By Jonny Lupsha, Wondrium Staff Writer
The coronavirus can have a symptom other respiratory infections do—loss of smell and taste, BBC News reported. However, researchers said it’s not common enough to add to a list of key symptoms, nor should those with diminished senses of taste or smell assume they have the coronavirus. Both senses function biochemically.
According to BBC News, people suffering from COVID-19 may find themselves with subdued senses of smell and taste, according to a new survey. “A team at King’s College London looked at responses from more than 400,000 people reporting suspected COVID-19 symptoms to an app,” the article said. “Of these 400,000 people, 1,702 said they had been tested for COVID-19, with 579 receiving a positive result and 1,123 a negative one. Among the ones who had coronavirus infection confirmed by a positive test, three-fifths (59%) reported loss of smell or taste.”
The article stressed that “continuous cough or high temperature” remain the most serious symptoms for which to look and that loss of these senses is not a specific indicator of the coronavirus—other respiratory infections share them as well. Coronavirus or not, it raises the question: How do these senses function on a biochemical level?
Sensory Cells and Taste
Humans detect five main types of taste: salty, sweet, sour, bitter, and savory. What purposes do they serve in the survivalist sense?
“Sweet tastes signal detection of energy-rich carbohydrates, which is why we are drawn to sweet food,” said Dr. Kevin Ahern, Professor of Biochemistry and Biophysics at Oregon State University. “Salty tastes encourage us to obtain the sodium and potassium necessary to maintain water and salt balances. Sour tastes may indicate spoilage for detecting foods past their prime.”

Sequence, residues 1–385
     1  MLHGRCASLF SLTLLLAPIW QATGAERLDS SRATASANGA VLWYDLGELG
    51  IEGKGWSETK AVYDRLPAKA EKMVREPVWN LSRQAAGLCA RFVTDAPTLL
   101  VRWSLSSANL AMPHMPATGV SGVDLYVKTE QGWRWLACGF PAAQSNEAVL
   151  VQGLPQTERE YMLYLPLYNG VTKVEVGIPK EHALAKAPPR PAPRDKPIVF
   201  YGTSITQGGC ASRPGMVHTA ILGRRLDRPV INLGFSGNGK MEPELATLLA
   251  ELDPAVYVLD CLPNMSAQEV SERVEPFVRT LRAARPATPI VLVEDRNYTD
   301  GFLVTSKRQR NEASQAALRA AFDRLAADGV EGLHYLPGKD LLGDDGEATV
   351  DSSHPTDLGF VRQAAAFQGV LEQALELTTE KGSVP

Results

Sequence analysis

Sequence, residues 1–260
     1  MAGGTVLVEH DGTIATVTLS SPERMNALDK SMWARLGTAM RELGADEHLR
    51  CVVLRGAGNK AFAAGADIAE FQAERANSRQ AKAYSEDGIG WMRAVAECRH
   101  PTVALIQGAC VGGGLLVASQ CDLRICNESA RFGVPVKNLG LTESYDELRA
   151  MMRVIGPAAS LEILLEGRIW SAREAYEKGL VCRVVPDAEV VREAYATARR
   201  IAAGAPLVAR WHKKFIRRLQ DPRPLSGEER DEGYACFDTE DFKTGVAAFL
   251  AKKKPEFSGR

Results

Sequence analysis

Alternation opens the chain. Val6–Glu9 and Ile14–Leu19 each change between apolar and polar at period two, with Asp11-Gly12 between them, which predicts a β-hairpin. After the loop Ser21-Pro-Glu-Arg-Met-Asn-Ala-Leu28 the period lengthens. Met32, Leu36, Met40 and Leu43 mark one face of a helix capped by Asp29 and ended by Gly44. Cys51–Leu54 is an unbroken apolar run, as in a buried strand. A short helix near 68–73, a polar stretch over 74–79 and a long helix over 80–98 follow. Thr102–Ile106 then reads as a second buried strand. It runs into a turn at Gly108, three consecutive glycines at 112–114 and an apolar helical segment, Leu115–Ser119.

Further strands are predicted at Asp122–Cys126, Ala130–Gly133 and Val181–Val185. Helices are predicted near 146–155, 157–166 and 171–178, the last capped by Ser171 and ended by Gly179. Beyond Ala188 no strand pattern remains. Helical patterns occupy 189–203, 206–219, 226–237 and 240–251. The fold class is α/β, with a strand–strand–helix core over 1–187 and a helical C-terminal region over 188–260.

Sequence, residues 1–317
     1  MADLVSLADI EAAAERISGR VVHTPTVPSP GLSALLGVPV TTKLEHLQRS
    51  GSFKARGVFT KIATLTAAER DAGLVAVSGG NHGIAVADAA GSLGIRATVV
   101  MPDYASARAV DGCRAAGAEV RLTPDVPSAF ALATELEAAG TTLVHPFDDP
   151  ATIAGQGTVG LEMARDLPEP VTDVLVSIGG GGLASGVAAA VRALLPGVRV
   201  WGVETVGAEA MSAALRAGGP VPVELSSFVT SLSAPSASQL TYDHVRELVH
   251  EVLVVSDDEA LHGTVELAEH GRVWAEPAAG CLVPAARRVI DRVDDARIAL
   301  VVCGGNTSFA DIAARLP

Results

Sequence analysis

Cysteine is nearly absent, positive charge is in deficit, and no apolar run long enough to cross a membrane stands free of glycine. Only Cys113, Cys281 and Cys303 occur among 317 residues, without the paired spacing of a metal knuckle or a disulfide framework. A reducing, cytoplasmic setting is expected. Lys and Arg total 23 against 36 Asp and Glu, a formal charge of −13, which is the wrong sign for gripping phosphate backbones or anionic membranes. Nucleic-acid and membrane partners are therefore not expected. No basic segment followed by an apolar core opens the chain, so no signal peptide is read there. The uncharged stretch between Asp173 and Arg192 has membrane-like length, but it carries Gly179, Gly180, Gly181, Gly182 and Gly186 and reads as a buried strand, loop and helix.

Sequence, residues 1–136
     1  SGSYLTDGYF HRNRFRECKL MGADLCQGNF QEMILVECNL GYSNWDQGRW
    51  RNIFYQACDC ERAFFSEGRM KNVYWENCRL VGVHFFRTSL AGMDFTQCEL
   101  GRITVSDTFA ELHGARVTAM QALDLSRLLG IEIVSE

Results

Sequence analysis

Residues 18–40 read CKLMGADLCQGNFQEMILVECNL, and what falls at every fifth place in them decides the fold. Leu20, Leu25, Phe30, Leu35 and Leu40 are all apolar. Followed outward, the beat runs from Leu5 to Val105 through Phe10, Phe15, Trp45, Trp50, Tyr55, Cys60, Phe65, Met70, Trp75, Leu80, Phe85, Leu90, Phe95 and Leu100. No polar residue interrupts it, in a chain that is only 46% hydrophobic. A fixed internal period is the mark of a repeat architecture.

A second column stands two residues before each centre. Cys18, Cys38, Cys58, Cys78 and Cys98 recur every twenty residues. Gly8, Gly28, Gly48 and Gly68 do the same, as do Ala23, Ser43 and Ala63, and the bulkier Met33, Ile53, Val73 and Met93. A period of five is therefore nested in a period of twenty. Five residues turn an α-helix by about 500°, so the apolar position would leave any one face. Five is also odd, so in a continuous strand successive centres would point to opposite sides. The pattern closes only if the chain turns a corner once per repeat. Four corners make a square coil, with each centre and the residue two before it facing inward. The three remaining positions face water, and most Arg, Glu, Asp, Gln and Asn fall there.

Dr. Ahern said that many poisonous substances are bitter, so we may have such a strong reaction to bitter foods from a life-saving trait of evolution. Finally, savory foods taste as such due to the presence of amino acids like glutamate and aspartate, which indicate nutrients that are rich in protein.
Contrary to previous thought, each taste bud can sense multiple flavors. This is because each taste bud houses 50 to 100 sensory cells. When it comes to how sensory cells work, salty and sour tastes are the easiest to explain.
“For detecting salt, sensory cells with a sodium channel known as ENaC depolarize when sodium hits them,” Dr. Ahern said. “This in turn opens voltage-gated calcium channels that initiate the action potential. As for all the senses, an action potential sends a message to the brain, which responds by giving you the sensation—in this case, a salty taste.”
Similarly, sour tastes result from acidity. The acid’s positively-charged protons enter the sensory cells and set off a similar action potential that’s sent to your brain, which responds that something sour is happening.
Passing the Smell Test
The sense of smell is known formally as olfaction. It serves a number of purposes, with or without food involved.
“It occurs as a result of binding of odorant molecules to olfactory receptor cells in the nasal cavity,” Dr. Ahern said. “Smells reach receptors by two routes. The primary one is via the nostrils; a second one is located where the roof of the mouth connects the throat to the nose.”
The receptor cells that help us smell things are located in our olfactory epithelium, which the National Center for Biotechnology Information defines as “the sheet of neurons and supporting cells that lines approximately half of the nasal cavities.” Dr. Ahern said it’s about the size of a postage stamp.
“Each olfactory neuron expresses a single kind of receptor,” Dr. Ahern said. “But each receptor can bind several different odorants—some weakly and others more tightly. A particular odorant may bind more than one kind of receptor—again, with different affinities.”
It’s because of this eclectic receptor-odorant binding that we can identify so many different smells.
Respiratory infections from the common cold to the coronavirus interfere with the biochemical machinations of these senses, inhibiting our abilities to properly smell and taste the world around us.
Dr. Kevin Ahern contributed to this article. Dr. Ahern is a Professor of Biochemistry and Biophysics at Oregon State University (OSU), where he also received his Ph.D. in Biochemistry and Biophysics. He has served on the OSU faculty in Biochemistry/Biophysics since the mid-1990s.